This story has been updated to include details of the energy secretary’s visit to contaminated sites and a response from U.S. Rep. Cori Bush, D-St. Louis.
ST. LOUIS — U.S. Energy Secretary Jennifer Granholm in a visit to Missouri on Tuesday would not commit to supporting bipartisan legislation meant to compensate people who have been exposed to radioactive material from the U.S. weapons development and production.
“I can’t speak for the administration on that particular piece because I just don’t know the answer,” Granholm told reporters, “but it certainly is something worth looking at, for sure, to bring justice to the families that have been affected.”
Granholm was in St. Louis to tout projects funded by the Bipartisan Infrastructure Law and attended a groundbreaking ceremony for a $400 million battery materials manufacturing facility. Her visit comes as her agency faces calls from activists and elected officials to clean up sites contaminated decades ago with nuclear waste from the World War II-era Manhattan Project.
In her remarks, Granholm didn’t mention the region’s struggle with radioactive waste. But she took questions on the subject. Later in the day, she visited a contaminated site in St. Charles County with U.S. Rep. Cori Bush, D-St. Louis.
“There is no doubt that we have to clean up these sites,” Granholm said, “and there’s no doubt that the testing and remediation is ongoing now…We’ve got to make sure that people feel safe.”
The St. Louis area was pivotal to the development of the first atomic bomb, and the Manhattan Project casts a long shadow over the region. Sites where uranium was processed or stored have been contaminated for decades, leading to higher cancer risks in some areas.
The issue has been covered extensively over the years, but a six-month investigation by The Missouri Independent, MuckRock and The Associated Press found that federal officials and private companies either downplayed or failed to fully investigate the extent of radioactive contamination in St. Louis and St. Charles counties, allowing generations of families to be exposed.
The findings prompted renewed calls for an end to the decades-long environmental disaster.
“The allegations in this report demand answers,” Hawley wrote, referencing the reporting of The Independent, MuckRock and the AP. “The people of St. Louis have a right to know the full extent of radioactive contamination in their community.”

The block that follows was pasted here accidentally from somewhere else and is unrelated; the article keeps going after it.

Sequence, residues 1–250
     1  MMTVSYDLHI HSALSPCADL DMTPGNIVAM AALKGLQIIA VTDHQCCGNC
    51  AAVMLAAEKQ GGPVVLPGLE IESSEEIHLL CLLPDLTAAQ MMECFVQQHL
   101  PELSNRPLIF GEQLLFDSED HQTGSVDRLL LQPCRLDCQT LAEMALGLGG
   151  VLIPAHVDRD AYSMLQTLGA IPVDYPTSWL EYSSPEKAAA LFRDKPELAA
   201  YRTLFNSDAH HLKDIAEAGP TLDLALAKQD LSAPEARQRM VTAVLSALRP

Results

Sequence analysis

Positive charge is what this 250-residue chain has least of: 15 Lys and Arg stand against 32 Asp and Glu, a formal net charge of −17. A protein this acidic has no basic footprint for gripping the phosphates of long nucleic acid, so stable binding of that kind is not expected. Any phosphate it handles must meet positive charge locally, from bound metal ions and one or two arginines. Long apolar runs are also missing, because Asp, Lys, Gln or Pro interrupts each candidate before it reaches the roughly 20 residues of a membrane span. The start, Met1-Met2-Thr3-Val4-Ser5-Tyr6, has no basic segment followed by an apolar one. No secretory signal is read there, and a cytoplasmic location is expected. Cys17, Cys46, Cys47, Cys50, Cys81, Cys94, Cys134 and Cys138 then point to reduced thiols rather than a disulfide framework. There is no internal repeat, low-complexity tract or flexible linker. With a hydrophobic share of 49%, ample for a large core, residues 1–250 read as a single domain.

A bipartisan group of senators attached an amendment to the National Defense Authorization Act that would expand an existing program to offer compensation to residents who have become ill because of possible exposure to radioactive waste.
The legislation, which still faces a vote in the House of Representatives, would expand the Radiation Exposure Compensation Act to Missouri and long-overlooked communities downwind of where nuclear weapons were tested during World War II.
Dawn Chapman, co-founder of Just Moms STL, has been advocating for communities around the West Lake Landfill, a contaminated site in Bridgeton, for a decade.
Chapman believes Granholm’s predecessors at the U.S. Department of Energy and earlier nuclear regulators deceived Missouri. She had hoped to discuss the issue with the secretary during her visit, but she was unable to arrange a meeting.
“To have her be so close to us and in town,” she said, “it is a really hard thing.”
She added: “There are people here who have just been through absolute tragedies in their family because of the agency she heads and what they did.”
Bush said in an interview Tuesday evening that Granholm wasn’t able to meet with residents who lived near contaminated sites or who had been harmed by nuclear waste because of her tight schedule.
But Bush met with advocates on Monday so she could convey their concerns to the secretary on Tuesday. Granholm was familiar with the sites and news findings about the Department of Energy’s earlier failures, Bush said.
She couldn’t share any commitments Granholm had made to take action at the sites, but Bush said the secretary was receptive to the community’s concerns. Bush said she and Granholm talked about how urgently the sites need remediation.
“While we’re waiting for this cleanup to be completed…people are still dying…people are still getting sick,” Bush said, adding: “It’s a matter of life and death.”
In the St. Louis area, contamination from the Manhattan Project lingered in numerous sites for decades.
After the war, waste from uranium processing efforts in downtown was trucked to the airport where it sat, exposed to the elements, for years. Wind and rainwater eroded the site, and the waste contaminated Coldwater Creek, which winds through busy northern St. Louis County suburbs.
From there, it was transported to a property in Hazelwood, also adjacent to the creek. When the waste was removed, the site wasn’t fully decontaminated.
Waste left at the Hazelwood site that couldn’t be further processed to extract valuable metals was trucked to the West Lake Landfill and illegally dumped there in 1973. It remains there today.
Uranium was also processed at a separate site in Weldon Spring during the Cold War. Though production ended in the 1960s, the site wasn’t cleaned up for more than 30 years.
Still, contamination remains in the groundwater around the site.
The Missouri Department of Natural Resources wrote to the Department of Energy in 2021 that uranium concentrations in the groundwater weren’t improving.